Wednesday, November 22, 2017

MOVIE REVIEW/Roman J. Israel, Esq.
A Walk On The Ethical Downside Of A Mountain

Denzel Washington in the title role in Dan Gilroy's drama "Roman J. Israel, Esq."

Omar P.L. Moore/        Follow popcornreel on Twitter FOLLOW                                           
Wednesday, November 22, 2017

Ethics are a canon of Dan Gilroy's work and he's used Los Angeles to throw daggers of mental cruelty in our faces.  Los Angeles rarely looks sunny in his films ("Nightcrawler") or his latest, "Roman J. Israel, Esq.", which sees the title character played by Denzel Washington increasingly suffocated and isolated, mentally and physically after taking a fork in the road.  "Roman" opens on a stark blank white slate.  Words are foreboding biblical commandments on electronic parchment.  Something heavy is going to happen.  It's weighing on Roman's mind.  And we're living in his mind, uncomfortably.

Roman's a rule-breaking, earth-shaking old-schooler who fought the good liberation fight for the underdog.  Now he's trapped in a post-Reagan era that's abandoned him.  Skyscrapers dwarf him.  Roman's apartment hasn't seen any of the light Genesis speaks of.  The apartment is his own mind: dank, yearning to breathe free.  After the death of its patriarch, a venerable law firm the once-vaunted Roman anchored holds on to him or rather, temporarily he holds on to it.  For dear life. 

"Roman J. Israel, Esq." is about holding on, and holding two opposing ideas in your head at once while trying to do what natural law or human law beckons when practiced institutional law is folly.  As an attorney I know the feeling.  Defending companies who do morally awful things may be bad enough for some but breaking those companies' trust is far worse for the profession.  It's difficult to resist wincing in discomfort as the garrulous, inappropriate Roman joins a shark-hunter firm headed by George Pierce (a dapper and good Colin Farrell), a move that tests Roman's standing as a righteous scales-of-justice man.  Pierce is the slick, faceless devil, a self-assured, fast-talking monotoned monied metronome of manipulation.  Roman is the endlessly philosophical immovable object trapped in 1970s suits.

Each move Mr. Gilroy plots in this minefield of human behavior and conflict is delicate but imprecise.  Bursts of melodrama don't quite fit.  Two scenes with homeless men, and another scene with a third man send "Roman" down another avenue, arresting any flicker of narrative verve.  Marvin Gaye announces a drastic change but "Roman J. Israel, Esq." grows timid and halting as Mr. Washington excels.  The movie seems to duel with its lead actor as much as its lead actor battles (or is that acquieces to?) forces that compel him to a reckoning.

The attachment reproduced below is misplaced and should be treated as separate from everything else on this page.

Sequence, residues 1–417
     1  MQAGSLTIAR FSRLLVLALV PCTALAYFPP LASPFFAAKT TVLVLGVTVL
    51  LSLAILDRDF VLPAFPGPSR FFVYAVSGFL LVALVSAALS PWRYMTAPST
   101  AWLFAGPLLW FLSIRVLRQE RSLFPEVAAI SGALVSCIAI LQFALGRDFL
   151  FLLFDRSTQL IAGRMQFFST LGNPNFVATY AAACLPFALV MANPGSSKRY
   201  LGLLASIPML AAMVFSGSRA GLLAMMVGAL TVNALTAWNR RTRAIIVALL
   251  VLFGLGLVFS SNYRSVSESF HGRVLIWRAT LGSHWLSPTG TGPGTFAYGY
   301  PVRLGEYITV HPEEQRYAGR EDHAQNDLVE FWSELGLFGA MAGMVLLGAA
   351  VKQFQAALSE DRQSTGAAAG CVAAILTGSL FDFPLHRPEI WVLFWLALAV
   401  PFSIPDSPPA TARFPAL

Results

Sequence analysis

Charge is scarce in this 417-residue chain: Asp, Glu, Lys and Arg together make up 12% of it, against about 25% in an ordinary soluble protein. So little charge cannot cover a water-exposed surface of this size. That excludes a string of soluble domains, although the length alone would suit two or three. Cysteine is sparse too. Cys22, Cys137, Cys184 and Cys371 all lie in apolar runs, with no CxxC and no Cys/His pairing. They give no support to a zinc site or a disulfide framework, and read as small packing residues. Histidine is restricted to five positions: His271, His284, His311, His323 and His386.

I think Mr. Washington is far smarter an actor here than Mr. Gilroy is a director.  Mr. Washington's acting in "Roman J. Israel, Esq." is so proficient, stunning and seamless that I was intensely uncomfortable with his dissembling even as I saw it coming.  He knows it too.  Is Roman conning us or conning himself?  Or both?  You choke with Roman as he struggles to break free of his own shirt in one scene, a powerful equivalent to tearing off his own skin.  One of the subtle things Mr. Washington does is wear his glasses in some scenes so they obscure his eyes.  It's a great technique that cuts to the heart of the character and the film.  Yet Mr. Gilroy doesn't seem to know how to compliment Mr. Washington's methods, accompanying Roman with unnecessary dramatic flourishes. 

Was Mr. Gilroy too in awe of his star man?  He doesn't let Mr. Washington's skills breathe as much as he allowed Jake Gyllenhaal's to in "Nightcrawler", a film that felt more organic, focused and vital than Mr. Gilroy's latest work.

Also problematic in "Roman" is the placement of Carmen Ejogo's character Maya, who looks more like a designated consoler than a full-blooded character.  "Roman?  Roman?  What's happening?  What's going on?"  Maya starts off as a confident community activist center leader and winds up as a woman confused by the reticent, mysterious man she thought she knew.  But where does she stand independently of this maelstrom?  As hostage-appendage?

Roman is a preacher more than he is a lawyer.  There's such a thing as preacher hype.  If you've heard of that term you presumably understand its meaning.  I don't think Roman is troubled as much as he is trapped in the truth of his own frailties.  He struggles, pushes and pulls but he's a totally aware soul trying to roll a boulder up a crumbling mountain.  He's in denial, or maybe not.  He's trying to prove the unprovable or the inevitable and resting his case at the same time. 

It's a joy to watch one of the world's best actors navigate existential crisis.  I don't even think Roman is an unreliable narrator.  He's a riddler who riddles the mirror in front of him.  The greater the open spaces he inhabits the thinner the air.  It's the one thing Mr. Gilroy gets right: physical space, and a lack of mental space.  "Roman J. Israel, Esq.", a title befitting the utterances of its awkward, rude, constricted character, stays afloat only because of Mr. Washington's greatness, and a very impressive soundtrack.

With: Tony Plana, Amanda Mason Warren, DeRon Horton, Lynda Gravatt, Jocelyn Ayana, Robert Prescott, Nazneen Contractor, Hugo Armstrong, Brittany Ishibashi.

"Roman J. Israel, Esq." is rated R by the Motion Picture Association of America for language and some violence.  The film's running time is two hours and four minutes.

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